Some of the numbers are a little bit scary. You look at the trillions that they’re talking about are going to be needed in this area. And when we look around Vancouver alone, just one little area, you know, we need to invest in hydrogen production. We have the ports, the vehicles, it’s really a very exciting economic opportunity that is going to come out of this.
Markham Hislop: Final question, Mark. I always get asked by students and teachers, where are the jobs coming from? And it would seem to me, I think the minister mentioned in his press release, there’ll be 350,000 new jobs across Canada.
And what kind of jobs might these create? Are these jobs for which we already have skill sets or will, you know, universities and technical schools, high schools even have to put in place training programs and education programs?
Mark Kirby: Yes, to all the above. We are certainly going to look to our technical colleges and universities to recognize and support the development of skills in this area. Just my member companies, we’re all expanding, looking for good, talented people.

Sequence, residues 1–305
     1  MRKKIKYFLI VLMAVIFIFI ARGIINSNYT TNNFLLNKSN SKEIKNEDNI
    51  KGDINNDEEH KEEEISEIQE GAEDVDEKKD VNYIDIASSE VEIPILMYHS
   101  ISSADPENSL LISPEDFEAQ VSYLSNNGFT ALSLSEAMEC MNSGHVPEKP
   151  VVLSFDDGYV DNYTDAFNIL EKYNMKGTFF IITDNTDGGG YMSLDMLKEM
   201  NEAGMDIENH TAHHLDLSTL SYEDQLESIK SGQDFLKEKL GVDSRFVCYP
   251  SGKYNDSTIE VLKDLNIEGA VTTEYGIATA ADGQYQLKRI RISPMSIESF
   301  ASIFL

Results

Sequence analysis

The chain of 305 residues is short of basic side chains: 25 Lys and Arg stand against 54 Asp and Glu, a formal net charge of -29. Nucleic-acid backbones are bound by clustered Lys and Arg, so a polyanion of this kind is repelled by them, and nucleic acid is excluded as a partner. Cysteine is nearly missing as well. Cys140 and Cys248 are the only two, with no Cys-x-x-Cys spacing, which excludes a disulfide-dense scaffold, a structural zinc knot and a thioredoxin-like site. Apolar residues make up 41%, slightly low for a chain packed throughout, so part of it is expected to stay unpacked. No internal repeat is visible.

We are an energy and energy technology exporting nation. We’ve done this for decades. And a lot of those skills are very transferable. You know, you look at our oil patch and some of the skills that are there in terms of processing pipelines those are all directly applicable over to hydrogen.
Our massive renewable power and independent power producers, they are going to have lots of opportunities. So even going much further down to the level of servicing and maintenance of fuel cell vehicles you know the electric vehicles that are being now being built in Ontario you know that will have the opportunity to expand into fuel cell electric vehicles.
I think there’s going to be employment opportunities right across the board. As this reality, the world today, we’re going to have to look at developing talent at moving talent and retraining people from different sectors and add immigration to bring in those talents that we’re going to need, because it’s going to be busy.